By: Justin Felisko June 16, 2014@ 04:00:00 PM
BISMARCK, N.D. – By the time Cody Nance had hit the dirt on Saturday night at the DCB PBR Bull Riding Challenge, Frank Newsom had already dug his foot into the ground and was anticipating his next move with Cats Kid eyeing him down.
Just as he has done for the last 16 years on the Built Ford Tough Series, the veteran bull fighter showed a quick burst of speed, even with his knee braces in full support, and sprinted towards the fence. Cats Kid made his beeline as well, but a quick turn by Newsom and some help from his fellow bullfighters had the bovine fooled and everyone on the dirt in safe position.
Newsom then took a second to catch his breath, while Cats Kid made his way out of the arena, before Nevada Miller came along for a congratulatory slap on the hand.
It was another job well-done by one of the best in the business.
“I’ve worked with Frank here eight years now,” Miller said. “He is just very smooth. He just does things super correctly. He is in the right place at the right time and can contribute to everything that is going on, so it makes it really easy working with a guy like Frank.”
Newsom’s expertise and experience as a bull fighter is partially why it makes it so easy for him to transition into working with two different bullfighters compared to his usual battle mates Jesse Byrne, Shorty Gorham and, in some cases, Lyndel Runyan.
Some of the most important keys of bull fighting include communication, trust and instinct. Development of those three skills is part of the reason Newsom, Byrne and Gorham have such a solid chemistry inside the arena. The trio can spend the summer break away from each other and hop right back onto the dirt with nearly flawless execution. But that kind of chemistry isn’t developed over night.
It takes time, practice and a commitment to work selflessly.
However, Newsom, Miller and James Zimmerman worked as flawless as they possibly could in Bismarck. They may not be fighting together on a consistent basis, but the three fighters understood their number one priority was to keep the riders safe inside the Bismarck Civic Center.
“Well, the main thing is to try and get that feel, that timing with each other,” Newsom said before the start of Chad Berger’s two nights of Touring Pro Division action. “It usually takes a few bulls to get into that and sometimes it doesn’t. Sometimes we will roll from the first bull on. Shorty and Jesse, we are together so much it don’t matter. It don’t seem like we have been apart.”
Zimmerman was bullfighting for the third time in Bismarck, and he has been fighting alongside Miller for the past 13 years. In essence, the duo has the kind of chemistry that Newsom, Gorham and Byrne demonstrate on a weekly basis during the Built Ford Tough Series. Zimmerman explained that fighting alongside a consummate pro like Newsom makes any transition pretty easy.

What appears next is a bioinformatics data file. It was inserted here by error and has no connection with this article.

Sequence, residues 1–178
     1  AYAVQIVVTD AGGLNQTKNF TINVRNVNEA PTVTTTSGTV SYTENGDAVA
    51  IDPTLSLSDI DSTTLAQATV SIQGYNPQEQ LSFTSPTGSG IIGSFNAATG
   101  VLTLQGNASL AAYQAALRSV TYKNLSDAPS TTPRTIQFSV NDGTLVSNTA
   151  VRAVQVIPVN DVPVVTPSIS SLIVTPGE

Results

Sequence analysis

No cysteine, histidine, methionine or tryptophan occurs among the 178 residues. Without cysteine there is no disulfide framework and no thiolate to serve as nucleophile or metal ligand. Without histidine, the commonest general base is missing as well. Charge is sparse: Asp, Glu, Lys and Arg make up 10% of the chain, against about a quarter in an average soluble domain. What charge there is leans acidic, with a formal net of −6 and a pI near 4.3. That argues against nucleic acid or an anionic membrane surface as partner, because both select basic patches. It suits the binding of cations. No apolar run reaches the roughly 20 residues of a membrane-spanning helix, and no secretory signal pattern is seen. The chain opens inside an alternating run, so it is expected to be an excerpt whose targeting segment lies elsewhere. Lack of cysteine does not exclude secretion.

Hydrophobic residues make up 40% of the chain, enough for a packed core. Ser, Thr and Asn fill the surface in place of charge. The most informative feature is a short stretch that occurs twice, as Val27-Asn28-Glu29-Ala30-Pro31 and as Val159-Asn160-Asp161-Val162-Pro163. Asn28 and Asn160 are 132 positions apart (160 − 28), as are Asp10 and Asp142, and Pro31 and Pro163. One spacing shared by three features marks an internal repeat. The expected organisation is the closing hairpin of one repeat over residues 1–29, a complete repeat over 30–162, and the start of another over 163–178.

“I’ve worked with Frank a few times,” he said. “Hopping in with somebody like Frank who has been there and everything is pretty easy. We all know our jobs and we have been doing this for over 10 years. It is repetition and you know what is going on around you at all times.”
There was no question Miller and Zimmerman would look up to Newsom in the arena and let him lead the way. It is a role that Newsom has grown accustomed to over the years.
“Sometimes, I don’t feel any different than when I was a young guy, but then I look around and realize, ‘Yeah I am the older guy,’” Newsom said. “But, that’s cool. I will take it on.”
Regardless, Newsom was confident entering the weekend with Miller and Zimmerman – in part because he has seen their talent in the arena next to him. He knew they had the ability to succeed and work well with him.
It was a matter of sticking to the basics and everyone doing their job, said Newsom.
That was such the case when Mike Lee got hung up on Modified Clyde following his 85.5-point ride in the championship round on Friday night. Similar to those instances when Newsom, Byrne and Gorham had to step in and free the 2004 World Champion on the BFTS, Newsom, Miller and Zimmerman hopped into the line of duty and worked to free Lee from danger.
Once Lee was able to dislodge himself from his bull rope, Newsom and Miller stepped in front of the down rider as Zimmerman kept Modified Clyde at bay and prevent Lee, who did get stomped on, from further injury.
“If a guy is down or there is something going on, we want everybody to know it,” Newsom said. “To have that communication is a good thing and a lot of it is just that feel for each other. If you end up right beside each other you don’t panic and you just kind of work your way through it and kind of adjust to it.”
Zimmerman called it a privilege to work alongside one of the greats of bullfighting.
“I was really excited to be working with Frank,” he said. “Shoot, he is a legend.”
Miller grew up watching films of Newsom bull fighting and said it is always an honor to fight alongside one of the greats. He also has worked with Dennis Johnson, Rob Smets and the late Greg Crabtree.
Still, there is always something special about working alongside Newsom.
“I mean, he is one of the best. He’s got just heart and try – that is the main thing,” Miller said. “The heart of a champion like Frank is unbelievable.”
Follow Justin Felisko on Twitter @jfelisko.
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